The summer vacation took us all the way to the politics of the middle ages. Such a trip is worth the time. The collection of countries represented in the Voynich Manuscript covers what is today the European Union – minus Greece and Spain + plus Russia and China. There is eerie resemblance with the economic and political news in the last couple of years.
Among most popular illustrations in the Voynich book is fol.86v . Let me introduce you to the circle of tents that may be represented in the VMS nine rosette medallion.
This illumination is held in Bibliothèque nationale de France. It is made by the same master that worked on Christine de Pizan’s City of the Ladies manuscript. It depicts the “Princes of the East” during the visit of the Byzantine Emperor Manuel II to Paris where he stayed at the Louvre from 1400 to 1402. The guest from Constantinople took a short visit to England, but stayed mostly in France where he dealt with the Dukes of Berry and Burgundy while the King of France was mentally unstable.
This circle of tents may have inspired the Voynich ‘medallion’. Imagine looking at those structures from above. Notice how the rectangular ones kind of ‘bridge’ with the round tents to form a canopy fortress inside which the participating Kings would discuss the matters of the world.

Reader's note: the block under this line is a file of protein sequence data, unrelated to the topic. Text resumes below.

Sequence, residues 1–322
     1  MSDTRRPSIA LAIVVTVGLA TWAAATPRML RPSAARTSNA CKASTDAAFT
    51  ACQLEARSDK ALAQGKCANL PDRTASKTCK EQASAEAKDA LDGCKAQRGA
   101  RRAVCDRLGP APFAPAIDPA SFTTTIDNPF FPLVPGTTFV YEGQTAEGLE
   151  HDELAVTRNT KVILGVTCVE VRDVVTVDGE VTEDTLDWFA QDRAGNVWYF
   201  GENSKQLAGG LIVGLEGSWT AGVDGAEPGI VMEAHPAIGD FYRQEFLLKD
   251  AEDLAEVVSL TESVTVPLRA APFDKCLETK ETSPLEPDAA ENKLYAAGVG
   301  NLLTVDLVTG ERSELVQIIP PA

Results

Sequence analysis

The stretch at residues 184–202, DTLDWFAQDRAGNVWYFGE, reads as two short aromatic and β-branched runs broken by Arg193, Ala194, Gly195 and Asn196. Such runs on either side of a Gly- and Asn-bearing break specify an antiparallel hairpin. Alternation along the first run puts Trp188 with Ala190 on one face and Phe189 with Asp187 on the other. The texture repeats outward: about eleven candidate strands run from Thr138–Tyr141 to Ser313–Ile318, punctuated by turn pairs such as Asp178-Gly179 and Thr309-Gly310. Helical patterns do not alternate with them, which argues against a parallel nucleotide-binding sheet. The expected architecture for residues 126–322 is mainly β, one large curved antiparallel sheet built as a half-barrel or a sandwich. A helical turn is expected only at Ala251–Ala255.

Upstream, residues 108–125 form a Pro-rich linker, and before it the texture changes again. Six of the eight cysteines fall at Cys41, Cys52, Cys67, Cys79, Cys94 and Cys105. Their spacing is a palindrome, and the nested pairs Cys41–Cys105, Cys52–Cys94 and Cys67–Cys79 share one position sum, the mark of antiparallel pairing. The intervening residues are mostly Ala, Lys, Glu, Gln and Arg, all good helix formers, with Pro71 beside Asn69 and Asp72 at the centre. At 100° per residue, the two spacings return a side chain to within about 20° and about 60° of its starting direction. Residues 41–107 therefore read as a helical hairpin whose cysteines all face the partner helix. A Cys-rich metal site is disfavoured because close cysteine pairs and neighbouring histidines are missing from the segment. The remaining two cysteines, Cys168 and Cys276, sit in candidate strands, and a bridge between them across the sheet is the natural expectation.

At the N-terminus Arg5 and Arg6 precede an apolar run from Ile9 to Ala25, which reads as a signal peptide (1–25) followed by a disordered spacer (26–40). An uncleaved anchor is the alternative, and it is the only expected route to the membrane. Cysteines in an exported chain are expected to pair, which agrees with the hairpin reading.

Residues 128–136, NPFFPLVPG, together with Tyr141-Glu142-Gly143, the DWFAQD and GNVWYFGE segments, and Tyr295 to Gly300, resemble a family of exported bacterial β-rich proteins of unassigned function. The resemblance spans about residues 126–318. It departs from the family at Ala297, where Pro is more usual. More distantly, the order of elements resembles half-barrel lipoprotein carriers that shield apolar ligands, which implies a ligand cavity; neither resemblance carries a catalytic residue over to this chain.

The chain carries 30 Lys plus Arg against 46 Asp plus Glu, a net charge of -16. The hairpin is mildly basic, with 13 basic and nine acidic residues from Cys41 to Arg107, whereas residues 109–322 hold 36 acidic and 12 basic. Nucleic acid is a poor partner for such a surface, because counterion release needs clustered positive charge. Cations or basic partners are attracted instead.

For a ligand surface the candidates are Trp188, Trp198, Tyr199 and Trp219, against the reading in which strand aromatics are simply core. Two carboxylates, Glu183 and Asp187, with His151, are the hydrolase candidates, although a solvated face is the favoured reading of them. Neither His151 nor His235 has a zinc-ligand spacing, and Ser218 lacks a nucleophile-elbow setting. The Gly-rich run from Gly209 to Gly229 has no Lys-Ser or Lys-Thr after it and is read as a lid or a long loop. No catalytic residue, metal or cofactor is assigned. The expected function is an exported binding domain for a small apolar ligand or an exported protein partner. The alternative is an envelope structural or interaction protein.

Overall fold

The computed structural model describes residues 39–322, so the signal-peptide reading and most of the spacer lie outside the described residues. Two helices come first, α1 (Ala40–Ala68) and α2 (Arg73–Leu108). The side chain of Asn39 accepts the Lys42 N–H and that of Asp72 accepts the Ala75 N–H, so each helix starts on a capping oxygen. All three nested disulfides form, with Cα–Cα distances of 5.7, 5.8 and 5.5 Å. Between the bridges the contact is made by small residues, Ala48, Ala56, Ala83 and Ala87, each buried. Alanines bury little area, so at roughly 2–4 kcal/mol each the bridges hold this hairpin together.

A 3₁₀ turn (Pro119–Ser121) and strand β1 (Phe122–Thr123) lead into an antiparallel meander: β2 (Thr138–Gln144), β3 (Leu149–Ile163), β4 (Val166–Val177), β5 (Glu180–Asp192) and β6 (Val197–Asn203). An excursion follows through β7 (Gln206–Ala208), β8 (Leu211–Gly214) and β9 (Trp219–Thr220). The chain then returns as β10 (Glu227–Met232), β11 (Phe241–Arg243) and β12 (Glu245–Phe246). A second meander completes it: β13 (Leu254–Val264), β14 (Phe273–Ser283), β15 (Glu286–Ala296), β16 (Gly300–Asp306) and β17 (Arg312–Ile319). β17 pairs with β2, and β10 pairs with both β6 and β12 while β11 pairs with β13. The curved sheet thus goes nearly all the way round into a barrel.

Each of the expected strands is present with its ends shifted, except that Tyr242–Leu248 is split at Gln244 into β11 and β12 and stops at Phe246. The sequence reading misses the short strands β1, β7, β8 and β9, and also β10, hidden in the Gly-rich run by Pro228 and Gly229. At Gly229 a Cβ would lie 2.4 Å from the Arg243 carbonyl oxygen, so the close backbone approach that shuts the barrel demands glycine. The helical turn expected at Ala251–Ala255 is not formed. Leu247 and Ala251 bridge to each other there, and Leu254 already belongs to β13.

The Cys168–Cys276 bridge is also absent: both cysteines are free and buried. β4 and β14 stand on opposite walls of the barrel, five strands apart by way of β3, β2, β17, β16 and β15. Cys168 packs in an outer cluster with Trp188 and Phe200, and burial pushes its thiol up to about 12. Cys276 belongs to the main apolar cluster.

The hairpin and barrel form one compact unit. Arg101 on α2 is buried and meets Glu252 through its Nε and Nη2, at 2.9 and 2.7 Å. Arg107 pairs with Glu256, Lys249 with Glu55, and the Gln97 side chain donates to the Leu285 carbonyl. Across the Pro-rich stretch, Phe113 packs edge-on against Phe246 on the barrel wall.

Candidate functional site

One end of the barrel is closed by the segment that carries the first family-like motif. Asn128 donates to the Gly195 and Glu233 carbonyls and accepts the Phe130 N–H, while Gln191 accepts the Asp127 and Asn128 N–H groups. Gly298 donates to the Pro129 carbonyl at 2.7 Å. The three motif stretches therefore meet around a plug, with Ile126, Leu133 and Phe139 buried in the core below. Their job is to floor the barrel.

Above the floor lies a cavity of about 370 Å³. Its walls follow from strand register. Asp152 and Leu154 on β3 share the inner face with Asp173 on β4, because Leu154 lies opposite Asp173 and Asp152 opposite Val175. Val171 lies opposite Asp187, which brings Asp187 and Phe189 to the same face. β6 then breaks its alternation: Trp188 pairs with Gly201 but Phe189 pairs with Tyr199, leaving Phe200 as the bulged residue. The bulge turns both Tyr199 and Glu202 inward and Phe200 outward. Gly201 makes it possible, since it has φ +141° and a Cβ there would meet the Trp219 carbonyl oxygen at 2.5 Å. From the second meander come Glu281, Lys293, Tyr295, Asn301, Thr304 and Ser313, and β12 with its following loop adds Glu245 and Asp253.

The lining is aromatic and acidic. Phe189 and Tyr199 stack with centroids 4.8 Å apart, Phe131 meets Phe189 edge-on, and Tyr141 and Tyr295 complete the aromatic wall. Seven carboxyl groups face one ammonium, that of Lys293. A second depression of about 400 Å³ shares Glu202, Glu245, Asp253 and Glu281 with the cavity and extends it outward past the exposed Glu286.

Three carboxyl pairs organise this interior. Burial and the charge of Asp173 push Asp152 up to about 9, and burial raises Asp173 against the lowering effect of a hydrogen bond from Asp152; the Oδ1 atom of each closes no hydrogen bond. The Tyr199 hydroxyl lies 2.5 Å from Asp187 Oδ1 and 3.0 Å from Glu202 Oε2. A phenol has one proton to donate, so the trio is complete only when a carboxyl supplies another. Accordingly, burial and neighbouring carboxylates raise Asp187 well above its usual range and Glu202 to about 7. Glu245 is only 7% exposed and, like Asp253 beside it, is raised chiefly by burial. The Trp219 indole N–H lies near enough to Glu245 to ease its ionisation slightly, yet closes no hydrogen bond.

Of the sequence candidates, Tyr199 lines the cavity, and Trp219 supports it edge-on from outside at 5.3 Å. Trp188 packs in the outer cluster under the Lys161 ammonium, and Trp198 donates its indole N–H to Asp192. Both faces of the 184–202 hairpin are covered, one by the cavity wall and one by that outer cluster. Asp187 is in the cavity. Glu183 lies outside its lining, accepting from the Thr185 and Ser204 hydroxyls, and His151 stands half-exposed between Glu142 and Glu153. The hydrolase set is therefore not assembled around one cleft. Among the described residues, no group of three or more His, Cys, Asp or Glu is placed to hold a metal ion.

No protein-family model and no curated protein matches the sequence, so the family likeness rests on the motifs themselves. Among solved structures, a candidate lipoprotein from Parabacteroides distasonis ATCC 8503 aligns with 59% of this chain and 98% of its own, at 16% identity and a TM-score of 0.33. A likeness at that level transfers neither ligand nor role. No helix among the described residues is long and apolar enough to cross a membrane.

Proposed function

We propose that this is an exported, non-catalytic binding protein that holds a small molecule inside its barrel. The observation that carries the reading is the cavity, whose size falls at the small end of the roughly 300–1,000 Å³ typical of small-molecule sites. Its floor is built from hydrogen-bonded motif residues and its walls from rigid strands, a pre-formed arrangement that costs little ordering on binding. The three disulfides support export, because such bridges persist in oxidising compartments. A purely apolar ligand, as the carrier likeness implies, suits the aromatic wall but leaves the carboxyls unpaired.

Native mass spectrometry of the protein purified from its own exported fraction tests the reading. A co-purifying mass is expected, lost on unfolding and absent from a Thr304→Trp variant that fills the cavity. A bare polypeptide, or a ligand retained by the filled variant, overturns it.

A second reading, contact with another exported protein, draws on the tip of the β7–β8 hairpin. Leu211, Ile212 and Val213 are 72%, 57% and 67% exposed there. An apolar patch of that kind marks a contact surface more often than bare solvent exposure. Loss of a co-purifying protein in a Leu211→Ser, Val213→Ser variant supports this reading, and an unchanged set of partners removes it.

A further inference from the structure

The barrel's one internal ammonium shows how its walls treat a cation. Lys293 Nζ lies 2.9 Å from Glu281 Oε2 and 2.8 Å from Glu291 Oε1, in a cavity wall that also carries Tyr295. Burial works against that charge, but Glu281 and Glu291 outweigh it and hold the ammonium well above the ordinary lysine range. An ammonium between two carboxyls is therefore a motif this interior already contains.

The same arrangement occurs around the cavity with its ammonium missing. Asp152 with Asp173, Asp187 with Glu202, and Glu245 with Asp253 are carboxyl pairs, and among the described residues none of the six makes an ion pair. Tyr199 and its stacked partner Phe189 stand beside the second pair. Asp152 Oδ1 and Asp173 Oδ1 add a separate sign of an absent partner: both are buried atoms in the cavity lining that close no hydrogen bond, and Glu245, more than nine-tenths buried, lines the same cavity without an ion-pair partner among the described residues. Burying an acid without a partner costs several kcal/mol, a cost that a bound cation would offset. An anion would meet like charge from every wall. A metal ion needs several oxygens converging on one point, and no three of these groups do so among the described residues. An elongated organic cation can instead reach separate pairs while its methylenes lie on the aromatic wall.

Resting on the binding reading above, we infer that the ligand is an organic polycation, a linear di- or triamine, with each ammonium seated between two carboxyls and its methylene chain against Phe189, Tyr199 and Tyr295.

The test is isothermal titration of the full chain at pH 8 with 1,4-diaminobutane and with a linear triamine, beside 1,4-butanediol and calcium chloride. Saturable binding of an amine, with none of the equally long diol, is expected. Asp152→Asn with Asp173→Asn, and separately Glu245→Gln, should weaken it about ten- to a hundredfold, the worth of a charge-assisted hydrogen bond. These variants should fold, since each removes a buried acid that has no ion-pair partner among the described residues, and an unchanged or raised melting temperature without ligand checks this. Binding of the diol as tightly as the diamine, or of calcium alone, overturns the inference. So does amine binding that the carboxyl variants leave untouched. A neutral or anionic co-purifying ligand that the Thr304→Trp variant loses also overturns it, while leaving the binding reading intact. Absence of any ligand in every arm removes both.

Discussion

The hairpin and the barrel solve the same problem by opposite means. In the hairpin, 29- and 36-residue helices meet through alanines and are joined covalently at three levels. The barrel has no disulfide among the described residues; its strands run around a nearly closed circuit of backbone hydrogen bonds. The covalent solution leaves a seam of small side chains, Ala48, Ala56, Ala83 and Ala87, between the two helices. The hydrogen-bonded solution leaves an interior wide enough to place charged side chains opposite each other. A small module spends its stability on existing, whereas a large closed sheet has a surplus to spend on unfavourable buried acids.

It was the fact that the Byzantine Emperor stayed at the Louvre that helped me decode one of the rosettes of the medallion. The Tuileries gardens were place where French monarchs met with ambassadors. As you know from my previous post the illustration gives the instruction about how to count the letters and I use the EVA to identify separate symbols. This rosette was easy pattern: every other letter.
EVA, however does not represent the non-Latin sounds correctly. To adjust it, the researcher has to observe the performance of the symbols in a meaningful phrase. There may be more than one language in the Voynich manuscript, but I was able to read only the Slavic so far.
Extracting every other letter from this rosette (as shown on the picture) gives me the following string of Slavic (Slavonic)
Opreta sad v lvr prpd oot pdoa cilveo ? prsvdo ekvezeece тie odpe tocd revlot / voi sledoatl PDREVL
In English: Outside garden in Louvre reverent from Padua Silveo Holy Inquisition who ?!?drank tost revlot?!?) / Your Follower PDREVL
It is clear that the author signed his name in the smaller segment between the markers. What PDREVL (padreVL?!? patriarhVL petervl) means can become clearer if experts on old Slavonic can adjust the above translation and the EVA transcription.
Better EVA would help with the other languages that may be encrypted in the Voynich manuscript.
At least we already know that one of the authors left his autograph 600 years ago for us to discover.